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HIV Screening of Pregnant Women and Newborns TABLE C-2 Cost Estimates Per Intervention: Medical Surveillance, Prophylaxis, and Treatment Source for Cost Estimate Annual Servicesa Annual Coat Treatment Category 1: CD4+ Cells > 500 (1) Arno et al. 4 physician visits, 4 CD4 panels, 4 counseling visits $ 854 (2) NJ DOH Physician visits: initial, 1-2 wk. follow-up, then every 4 mos.; x-ray and lab includes VDRL, PPD, CBC with differential, platelets, CD4, HBsAg/Ab, gonococcal culture, Pap smear, chlamydia; case mgmt., nutrition, assess., educ./counseling each visit (visits every 4-8 wks. if CD4 count drops) 1,676 (3) Johns Hopkins Physician visits: initial, 1-2 wk. follow-up, then every 3-6 mos. with CD4; initial lab includes CBC with differential, CD4, HBsAg/Ab, RPR, PPD, influenza, pneumococcal, hepatitis B virus vaccine 775 Treatment Category 2: CD4+ Cells 200 - 500, with Zidovudine (1) Arno et al. 6-12 physician visits; 6-12 counseling visits; 6-12 CD4 panels 9,637b (2) NJ DOH As for Category 1, plus: physician visits every 2 wks. for 3 mos., then every 1-2 mos.; zidovudine; lab includes CBC with differential, hematocrit, CD4, platelets every visit 6,146 (3) Johns Hopkins As for Category 1, plus: physician visits every month for 3 mos., then every 3 mos. with CBC with differential, CD4; zidovudine 3,620
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HIV Screening of Pregnant Women and Newborns Source for Cost Estimate Annual Servicesa Annual Cost Treatment Category 3: CD4+ Cells < 200, with Zidovudine + trimethoprim-sulfamethoxazole (TMP-SMX) (1) Arno et al. 6-12 physician visits; 6-12 counseling visits; 6-12 CD4 panels 9,637b (2) NJ DOH As for Category 2, plus: physician visits every 2 wks. for 2 mos., then every 1-2 mos.; TMP-SMX; lab includes creatinine 6,097 (3) Johns Hopkins As for Category 2, plus: physician visits every 2-3 mos. with CBC, SMA-12; TMP-SMX 3,736 Treatment Category 4: CD4+ Cells < 200, with zidovudine + aerosolized pentamidine (1) Arno et al. 6-12 physician visits; 6-12 counseling visits; 6-12 CD4 panels 9,637b (2) NJ DOH As for Category 2, plus: physician visits every 3 mos.; pentamidine every month; CD4 tests every 6 mos. 7,304 (3) Johns Hopkins As for Category 2, plus: physician visits every 2-3 mos. with CBC, SMA-12; pentamidine every month 6,532 a VDRL, a serologic test for syphilis; PPD, purified protein derivative, a skin test for tuberculosis; CBC, complete blood count; HBsAg, hepatitis B surface antigen; HBAb, hepatitis B antibody; RPR, a serologic test for syphilis; SMA-12, 12 blood chemistry tests. b This figure also includes costs of zidovudine therapy and primary PCP prophylaxis with aerosolized pentamidine or trimethoprim-sulfamethoxazole.
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HIV Screening of Pregnant Women and Newborns Part 2: Program Cost Estimates TABLE C-3a Program Cost Estimates per 1,000 Infected Persons Detected: Counseling and Testing (using CDC cost estimates) Cost per 1,000 HIV (+) Persons Detected Counseling and testing for HIV (+) individuals (1,000 x $115) $115,000 Partner notification for 1 contact per HIV (+) index case (1,000 x $43) 43,000 Counseling and testing for HIV (-) individualsa (7,333 x $43) 315,319 Total 473,319 TABLE C-3b Program Cost Estimates for One State: Counseling and Testing (using CDC cost estimate) Cost in One State: New Jerseyb Counseling and testing for all HIV (+) individuals (70,000 x $115) $ 8,050,000 Partner notification for 1 contact per HIV (+) index case (70,000 x $43) 3,010,000 Counseling and testing for HIV (-) individualsa (513,300 x $43) 22,071,900 Total 33,031,900 a The ratio of HIV (-) individuals tested to HIV (+) individuals varies greatly by background infection rates, intensity of outreach and testing efforts, and other factors. As a greater proportion of HIV (+) individuals in one area are identified, the number of HIV (-) tests required to find each HIV (+) individual will increase. In New Jersey in 1988-1989, that ratio in publicly funded testing programs was 100:12. Using this ratio, a total of 8,333 individuals would have to be tested to identify 1,000 HIV (+) individuals, yielding 7,333 HIV (-) individuals. b population of the state = 7.8 million; estimated number of HIV-infected individuals = 70,000.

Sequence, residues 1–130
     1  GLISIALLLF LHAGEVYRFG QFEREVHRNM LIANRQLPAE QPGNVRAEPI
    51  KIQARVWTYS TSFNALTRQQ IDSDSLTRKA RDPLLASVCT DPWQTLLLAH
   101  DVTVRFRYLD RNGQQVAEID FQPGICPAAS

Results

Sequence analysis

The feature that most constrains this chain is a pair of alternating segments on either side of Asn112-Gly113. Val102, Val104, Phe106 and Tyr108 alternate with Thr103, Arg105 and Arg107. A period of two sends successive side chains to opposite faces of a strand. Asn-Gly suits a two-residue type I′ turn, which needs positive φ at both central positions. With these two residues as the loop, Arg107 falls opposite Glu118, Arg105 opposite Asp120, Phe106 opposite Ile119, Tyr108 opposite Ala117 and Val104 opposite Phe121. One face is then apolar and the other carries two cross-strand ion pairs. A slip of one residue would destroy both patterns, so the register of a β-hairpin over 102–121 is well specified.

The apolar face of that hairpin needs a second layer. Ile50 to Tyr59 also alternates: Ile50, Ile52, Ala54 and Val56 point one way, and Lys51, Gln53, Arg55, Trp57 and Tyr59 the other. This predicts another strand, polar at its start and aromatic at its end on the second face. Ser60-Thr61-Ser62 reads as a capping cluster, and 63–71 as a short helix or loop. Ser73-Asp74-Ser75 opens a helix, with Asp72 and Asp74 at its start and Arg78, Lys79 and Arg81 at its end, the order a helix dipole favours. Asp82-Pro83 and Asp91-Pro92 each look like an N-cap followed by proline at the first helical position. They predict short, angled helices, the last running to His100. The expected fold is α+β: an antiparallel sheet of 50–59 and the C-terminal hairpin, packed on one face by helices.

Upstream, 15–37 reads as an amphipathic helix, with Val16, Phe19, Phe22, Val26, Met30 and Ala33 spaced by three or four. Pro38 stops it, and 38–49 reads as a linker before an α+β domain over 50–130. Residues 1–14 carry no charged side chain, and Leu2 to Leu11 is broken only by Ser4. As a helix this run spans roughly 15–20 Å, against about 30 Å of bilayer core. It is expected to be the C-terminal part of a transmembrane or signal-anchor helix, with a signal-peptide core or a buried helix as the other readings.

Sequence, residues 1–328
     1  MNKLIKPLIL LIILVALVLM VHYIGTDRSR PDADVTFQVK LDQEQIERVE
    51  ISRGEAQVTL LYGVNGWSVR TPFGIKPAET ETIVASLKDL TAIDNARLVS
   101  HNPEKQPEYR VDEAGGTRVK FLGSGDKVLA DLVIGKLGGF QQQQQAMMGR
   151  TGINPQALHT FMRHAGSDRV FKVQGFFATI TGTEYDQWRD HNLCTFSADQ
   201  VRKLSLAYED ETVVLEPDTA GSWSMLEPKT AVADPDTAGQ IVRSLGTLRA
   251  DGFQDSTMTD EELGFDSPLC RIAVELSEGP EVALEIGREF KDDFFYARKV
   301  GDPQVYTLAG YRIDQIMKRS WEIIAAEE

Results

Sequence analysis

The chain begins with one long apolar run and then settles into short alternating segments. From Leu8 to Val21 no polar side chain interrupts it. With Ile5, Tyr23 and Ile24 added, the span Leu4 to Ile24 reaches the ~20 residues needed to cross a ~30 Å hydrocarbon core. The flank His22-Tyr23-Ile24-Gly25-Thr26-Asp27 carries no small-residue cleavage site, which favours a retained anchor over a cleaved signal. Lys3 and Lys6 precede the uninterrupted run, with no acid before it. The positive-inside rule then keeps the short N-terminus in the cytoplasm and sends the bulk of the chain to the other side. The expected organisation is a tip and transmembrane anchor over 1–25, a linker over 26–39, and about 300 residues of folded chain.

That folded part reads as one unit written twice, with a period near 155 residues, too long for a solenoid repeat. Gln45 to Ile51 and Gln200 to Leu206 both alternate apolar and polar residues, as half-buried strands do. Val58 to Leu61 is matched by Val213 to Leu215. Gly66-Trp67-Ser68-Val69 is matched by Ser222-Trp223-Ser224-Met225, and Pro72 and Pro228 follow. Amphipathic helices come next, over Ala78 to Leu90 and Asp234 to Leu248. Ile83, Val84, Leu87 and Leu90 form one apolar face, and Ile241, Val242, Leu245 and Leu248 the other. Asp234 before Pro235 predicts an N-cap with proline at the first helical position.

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HIV Screening of Pregnant Women and Newborns TABLE C-4a Program Cost Estimates: Annual Costs per 1,000 HIV (+) Patients by Treatment Category (using New Jersey Department of Health and Johns Hopkins cost estimates) for Medical Surveillance, Prophylaxis, and Treatment New Jersey Dept. of Health Johns Hopkins Treatment Categorya Number of Patients/1,000 Patientsb Annual Cost/patient Total Annual Cost/Patient Total 1 500 $1,6% $ 838,000 $ 775 $ 387,500 2 300 6,146 1,843,800 3,620 1,086,000 3 150 6,097 914,550 3,736 560,400 4 50 7,304 365,200 6,532 326,600 Total (1,000) 3,961,550 2,360,500 a Treatment categories: 1, CD4+ cells >500-medical monitoring; 2, CD4+ cells 200-500-treatment with zidovudine; 3, CD4+ cells < 200-treatment with zidovudine, prophylaxis with trimethoprim-sulfamethoxazole; 4, CD4+ cells < 200-treatment with zidovudine, prophylaxis with aerosolized pentamidine. b Distribution of HIV (+) individuals among treatment categories. This proportion is derived from the New Jersey data but is consistent with the Johns Hopkins AIDS Service experience for all adult patients. HIV (+) women may be disproportionately represented in the earlier treatment categories. TABLE C-4b Program Cost Estimates: Annual Costs for All HIV (+) Individuals in New Jersey (using New Jersey Department of Health and Johns Hopkins cost estimates) for Medical Surveillance, Prophylaxis, and Treatment New Jersey Dept. of Health Johns Hopkins Treatment Category Total Patients Annual Cost/Patient Total (in millions) Annual Cost/Patient Total (in millions) 1 35,000 $1,676 $ 58,660 $ 775 $ 27,125 2 21,000 6,146 129,066 3,620 76,020 3 10,500 6,097 64,019 3,736 39,228 4 3,500 7,304 25,564 6,532 22,862 Total 70,000 277,309 165,235
Representative terms from entire chapter: